Now let us think in the light of the above information: Since even a letter cannot form without a writer writing it, how did billions of letters in the human cell originate? How did these letters queue up in a meaningful sequence so as to make up the unique plan of such a perfect and complex body? If there were any break downs in the order of these letters you could have your ear on your abdomen or your eyes in your heels. You could have born with your hands stuck on your back, and lived as a freak. The secret of your living as a proper human currently lies in the 'flawless' sequence of the billions of letters in the 46-volume encyclopedia in your DNA.
DNA Challenges Coincidence
Today mathematics has proved that coincidence does not play a role in the formation of the coded information within DNA, let alone the DNA molecule made up of millions of base pairs. The probability of the coincidental formation of even a single gene out of the 200,000 genes making up DNA is so low that even the notion of impossible remains weak. Frank Salisbury, an evolutionist biologist, makes the following statement about this 'impossibility':
A medium protein might include about 300 amino acids. The DNA gene controlling this would have about 1,000 nucleotides in its chain. Since there are four kinds of nucleotides in a DNA chain, one consisting of 1,000 links could exist in 4 1000 forms. Using a little algebra (logarithms) we can see that 4 1000 =10 600 . Ten multiplied by itself 600 times gives the figure 1 followed by 600 zeros! This number is completely beyond our comprehension.
That is to say that even if we assume that all the necessary nucleotides are present in a medium, and that all the complex molecules and enzymes to combine them were available, the possibility of the these nucleotides being arranged in the desired sequence is 1 in 4 1000 , in other words, 1 in 10 600 . Briefly, the probability of the coincidental formation of the code of an average protein in the human body in DNA by itself is 1 in 1 followed by 600 zeros. This number, which is beyond even being astronomical, means in practice 'zero' probability. This means that such a sequence has to be effected under the control and knowledge of a wise and conscious power. There is zero probability of it happening by 'accident', 'chance', or 'coincidence'.
The probability of the coincidental formation of the code of an average protein in the human body in the DNA by itself is 1 in 10 600 . We can write this number which is formed by putting 600 zeros next to 1 as follows:
10 600 =
1, 000, 000, 000,000,000,000,000,000,000,000,000,000,000,000,000,000,000, 000,000,000,000,000,000,000,000,000,000,000,000,000,000,000,000,000,000,
Think of the book you are reading right now. How would you regard someone who claimed that letters (by using a different printing stamp for every letter) have come together by chance on their own to form this writing? It is evident that it was written by an intelligent and conscious person. This is no different from the status of DNA.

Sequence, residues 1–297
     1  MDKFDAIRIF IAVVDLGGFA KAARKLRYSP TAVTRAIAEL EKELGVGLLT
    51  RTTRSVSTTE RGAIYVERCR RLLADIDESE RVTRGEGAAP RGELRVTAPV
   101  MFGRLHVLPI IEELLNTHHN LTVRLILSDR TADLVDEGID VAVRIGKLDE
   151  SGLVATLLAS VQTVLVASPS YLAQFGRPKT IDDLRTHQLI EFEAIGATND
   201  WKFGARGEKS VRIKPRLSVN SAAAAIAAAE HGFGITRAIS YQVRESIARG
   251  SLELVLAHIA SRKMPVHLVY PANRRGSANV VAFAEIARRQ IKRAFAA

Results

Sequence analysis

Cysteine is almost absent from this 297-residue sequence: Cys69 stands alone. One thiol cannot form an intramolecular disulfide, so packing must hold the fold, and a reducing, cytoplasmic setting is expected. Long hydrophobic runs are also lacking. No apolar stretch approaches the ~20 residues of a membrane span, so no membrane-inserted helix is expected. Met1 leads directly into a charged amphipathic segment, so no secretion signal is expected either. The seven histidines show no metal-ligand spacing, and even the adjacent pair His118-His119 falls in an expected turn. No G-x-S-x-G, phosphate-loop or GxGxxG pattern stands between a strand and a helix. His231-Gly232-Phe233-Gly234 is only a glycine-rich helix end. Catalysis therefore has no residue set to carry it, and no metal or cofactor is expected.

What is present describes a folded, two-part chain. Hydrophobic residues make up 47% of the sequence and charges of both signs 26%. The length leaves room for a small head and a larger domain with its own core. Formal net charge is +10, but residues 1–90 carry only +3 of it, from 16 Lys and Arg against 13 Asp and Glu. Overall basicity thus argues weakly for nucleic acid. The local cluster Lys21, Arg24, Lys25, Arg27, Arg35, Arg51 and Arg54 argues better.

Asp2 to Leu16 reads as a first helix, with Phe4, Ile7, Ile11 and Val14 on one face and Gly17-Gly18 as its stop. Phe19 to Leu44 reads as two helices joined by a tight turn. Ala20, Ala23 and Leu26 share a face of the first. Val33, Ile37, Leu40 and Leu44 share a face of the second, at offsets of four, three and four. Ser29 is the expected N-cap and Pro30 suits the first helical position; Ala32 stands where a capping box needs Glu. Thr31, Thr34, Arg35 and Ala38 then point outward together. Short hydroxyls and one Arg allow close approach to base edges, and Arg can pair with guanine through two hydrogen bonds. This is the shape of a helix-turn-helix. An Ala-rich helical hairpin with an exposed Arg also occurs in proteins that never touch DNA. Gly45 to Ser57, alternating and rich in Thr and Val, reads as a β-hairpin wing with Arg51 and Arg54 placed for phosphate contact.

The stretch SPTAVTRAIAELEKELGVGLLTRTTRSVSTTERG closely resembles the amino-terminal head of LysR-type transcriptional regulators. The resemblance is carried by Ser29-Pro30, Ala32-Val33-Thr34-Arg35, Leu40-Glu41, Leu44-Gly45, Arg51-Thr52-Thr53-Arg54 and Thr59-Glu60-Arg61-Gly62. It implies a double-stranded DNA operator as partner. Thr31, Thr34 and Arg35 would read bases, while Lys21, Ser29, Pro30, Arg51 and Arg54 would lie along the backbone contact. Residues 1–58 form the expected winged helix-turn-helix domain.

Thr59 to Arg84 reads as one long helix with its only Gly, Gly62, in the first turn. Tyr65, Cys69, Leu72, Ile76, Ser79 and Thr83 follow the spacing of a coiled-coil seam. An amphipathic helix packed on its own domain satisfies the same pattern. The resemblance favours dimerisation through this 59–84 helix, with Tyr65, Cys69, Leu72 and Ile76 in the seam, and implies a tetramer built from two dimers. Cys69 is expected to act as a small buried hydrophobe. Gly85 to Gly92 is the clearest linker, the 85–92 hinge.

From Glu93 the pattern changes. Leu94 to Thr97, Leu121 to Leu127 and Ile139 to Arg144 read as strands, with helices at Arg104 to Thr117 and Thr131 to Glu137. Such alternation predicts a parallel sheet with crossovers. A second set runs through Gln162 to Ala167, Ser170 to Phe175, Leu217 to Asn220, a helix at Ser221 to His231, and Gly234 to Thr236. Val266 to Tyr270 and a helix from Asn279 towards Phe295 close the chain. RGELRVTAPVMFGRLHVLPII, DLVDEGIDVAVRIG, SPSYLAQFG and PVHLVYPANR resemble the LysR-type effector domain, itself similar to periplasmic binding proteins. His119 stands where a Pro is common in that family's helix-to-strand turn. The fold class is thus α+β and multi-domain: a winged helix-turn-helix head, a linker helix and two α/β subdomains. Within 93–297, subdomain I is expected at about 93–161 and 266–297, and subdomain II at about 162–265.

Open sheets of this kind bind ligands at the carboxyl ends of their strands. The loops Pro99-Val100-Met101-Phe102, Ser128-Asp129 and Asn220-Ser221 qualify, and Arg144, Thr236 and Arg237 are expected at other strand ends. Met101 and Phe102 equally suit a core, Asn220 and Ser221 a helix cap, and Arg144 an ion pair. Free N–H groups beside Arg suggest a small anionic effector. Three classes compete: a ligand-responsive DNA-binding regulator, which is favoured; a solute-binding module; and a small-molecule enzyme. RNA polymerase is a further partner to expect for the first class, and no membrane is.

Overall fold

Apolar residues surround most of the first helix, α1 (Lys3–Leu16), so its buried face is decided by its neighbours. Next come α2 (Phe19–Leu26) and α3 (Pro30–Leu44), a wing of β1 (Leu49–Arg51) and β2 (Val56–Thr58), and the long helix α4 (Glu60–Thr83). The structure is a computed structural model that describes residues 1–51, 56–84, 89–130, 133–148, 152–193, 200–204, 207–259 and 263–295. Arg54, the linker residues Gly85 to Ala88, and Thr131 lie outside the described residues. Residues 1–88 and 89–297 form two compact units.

Francis Crick, the biochemist who discovered the structure of DNA, won a Nobel prize with respect to the research he had made on the subject. Crick, who was an ardent evolutionist, stated the following scientific opinion in a book he has written after testifying the miraculous structure of DNA:"An honest man, armed with all the knowledge available to us now, could only state that, in some sense, the origin of life appears at the moment to be almost a miracle." Even in Crick's view, who was one of the biggest experts on DNA, life could never originate on earth spontaneously.
The data in DNA, which is made up of 5 billion letters, is composed of a special and meaningful sequence of letters A-T-G-C. However, not even a single letter error should be made in this sequence. A misspelled word or a letter error in an encyclopedia may be overlooked and ignored. It would not even be noticed. However, even a single mistake in any base pair of DNA, such as a miscoded letter in the 1 billion 719 million 348 thousand 632 nd base pair, would cause terrible results for the cell, and therefore for the person himself. For instance, haemophilia (child leukemia) is the outcome of such an erroneous coding.In truth, it would be incorrect to call this "erroneous coding", because like every other thing that exists, the human DNA, too, is created by God and even the seldom occurring mistakes come about with respect to a hidden cause (divine purpose). The coding mistake which causes cancer is a specially created disorder. It is created specially for a certain hidden cause to show man his own weakness and impotence, remind him of the delicate balances man's creation depends on, and of what kind of troubles he may face in case of the slightest disturbance in these balances.